Saddle Road, Milepost 27
Most of the Protect Mauna Kea remnants I found were not on the Access Road itself, but near its entrance on the perpendicular Saddle Road. As I looked around, I thought about archaeologists in old films discovering abandoned territories for the first time, trying to fit the clues together.
A large metal mailbox leaned against a straw hut, and I wondered if that was the stolen mailbox Porter had been referring to. Above a nearby cavity in the black, volcanic ground was a skeleton of a tent. It wasn’t fit to provide shelter to anyone, but the small mailbox next to it suggested that it once was. This was the case with lots of other tents and trailers in the area.
Every now and then, I'd see white pebbles spelling out a phrase on the side of the road. One of them read E KOMO MAI, which means “welcome.” The first thing I thought of was a barista's remark about the Hawaiian way—making enemies into friends. Hospitality, even in the face of conflict.
The second phrase was HO'OPONOPONO WITH KUPUNA NO TMT. Ho'oponopono is the Hawaiian practice of forgiveness and making things right. Behind the pebbles was a metal statue of three women forming a triangle with their hands, a symbol of solidarity.
Not far up the road was an area of land called Humu'ula & Kala'i'ehā. A sign described traditional native uses of the area — bird catching and adze quarrying — and how they were replaced by sandalwood harvesting and hunting wild cattle, then eventually, astronomy. It mentioned Mauna Kea’s geographic benefits for celestial studies, such as its elevation that places the summit above forty percent of the earth’s atmosphere, noting that it hosts the world’s largest astronomical observatory with telescopes operated by eleven countries.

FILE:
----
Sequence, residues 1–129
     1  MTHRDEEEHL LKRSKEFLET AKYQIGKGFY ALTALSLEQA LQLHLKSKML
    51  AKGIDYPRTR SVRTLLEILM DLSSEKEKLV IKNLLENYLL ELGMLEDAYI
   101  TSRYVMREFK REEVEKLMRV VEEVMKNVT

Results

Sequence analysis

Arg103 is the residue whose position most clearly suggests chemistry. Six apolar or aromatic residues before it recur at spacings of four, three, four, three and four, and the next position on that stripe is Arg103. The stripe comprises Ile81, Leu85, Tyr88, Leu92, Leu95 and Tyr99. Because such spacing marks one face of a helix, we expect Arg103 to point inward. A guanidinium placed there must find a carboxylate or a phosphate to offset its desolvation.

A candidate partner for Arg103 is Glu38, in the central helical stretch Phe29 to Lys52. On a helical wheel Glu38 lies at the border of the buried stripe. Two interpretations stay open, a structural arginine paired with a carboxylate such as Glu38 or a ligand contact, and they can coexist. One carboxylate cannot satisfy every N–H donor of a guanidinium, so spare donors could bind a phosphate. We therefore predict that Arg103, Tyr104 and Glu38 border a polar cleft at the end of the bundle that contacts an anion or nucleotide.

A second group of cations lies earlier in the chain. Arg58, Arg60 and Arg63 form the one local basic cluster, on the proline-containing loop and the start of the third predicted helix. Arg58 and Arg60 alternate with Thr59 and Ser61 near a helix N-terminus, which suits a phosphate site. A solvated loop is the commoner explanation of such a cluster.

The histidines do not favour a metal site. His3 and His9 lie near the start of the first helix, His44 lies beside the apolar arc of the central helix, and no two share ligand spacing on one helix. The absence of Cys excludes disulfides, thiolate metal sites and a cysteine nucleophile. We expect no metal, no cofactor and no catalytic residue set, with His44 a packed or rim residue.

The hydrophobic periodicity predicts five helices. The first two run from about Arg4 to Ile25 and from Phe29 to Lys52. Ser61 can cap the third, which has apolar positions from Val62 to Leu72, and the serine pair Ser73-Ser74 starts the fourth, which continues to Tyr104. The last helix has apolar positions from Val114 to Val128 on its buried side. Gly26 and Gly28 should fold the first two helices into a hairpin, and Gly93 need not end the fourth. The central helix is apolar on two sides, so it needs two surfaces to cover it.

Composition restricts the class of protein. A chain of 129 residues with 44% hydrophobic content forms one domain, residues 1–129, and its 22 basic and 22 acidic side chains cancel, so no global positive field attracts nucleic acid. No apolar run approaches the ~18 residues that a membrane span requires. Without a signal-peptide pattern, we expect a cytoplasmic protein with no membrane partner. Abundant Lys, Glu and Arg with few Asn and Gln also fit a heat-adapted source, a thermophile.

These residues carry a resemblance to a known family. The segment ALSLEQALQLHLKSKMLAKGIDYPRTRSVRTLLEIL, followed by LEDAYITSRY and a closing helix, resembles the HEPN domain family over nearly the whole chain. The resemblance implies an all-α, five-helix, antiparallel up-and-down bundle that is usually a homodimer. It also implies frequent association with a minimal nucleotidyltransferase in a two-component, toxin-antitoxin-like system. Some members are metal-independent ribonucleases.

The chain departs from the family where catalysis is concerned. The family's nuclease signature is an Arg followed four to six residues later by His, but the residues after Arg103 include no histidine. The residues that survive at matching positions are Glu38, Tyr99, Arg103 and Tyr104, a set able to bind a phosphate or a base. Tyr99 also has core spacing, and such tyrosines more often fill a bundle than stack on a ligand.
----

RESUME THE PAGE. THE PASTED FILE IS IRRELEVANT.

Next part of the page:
The Humu'ula & Kala'i'ehā area was striped in varying colors and textures. At my feet, wild bursts of dark sienna flora grew in a terrain of weathered grey stones, which stretched back and faded into mounds of volcanic rock. Behind this, patches of pili grass caught strings of sunlight like cornsilk in the foreground of lush green foliage. And in the center of all these layers was what looked like a shrine: a wooden statue with pieces of driftwood that read PROTECT MAUNA KEA CONSERVATION ZONE, and twos slabs of rock reading KANAKA MAOLI BENEFICIARIES OF THIS LAND and HAWAI'I IS NOT AMERICA.
It certainly didn’t feel like America. What struck me most was the emptiness. I remembered what Hawane Rios told me about this being a time for reflection and healing, and how the pandemic has caused lots of people to step back and hold deep and intentional space for rest. Seeing these pieces left behind, from blue tarps flapping in the wind to tattered flags and signs pleading for people to listen, I understood more than ever the strain of those who camped out to protect the Mauna, how taxing it all was.
But they'll come back. I got back into my car, leaving the light-soaked landscape burning in my rearview, confident in this fact. I didn’t know how long the land would be empty, and still don’t. But people will come back to finish what they started.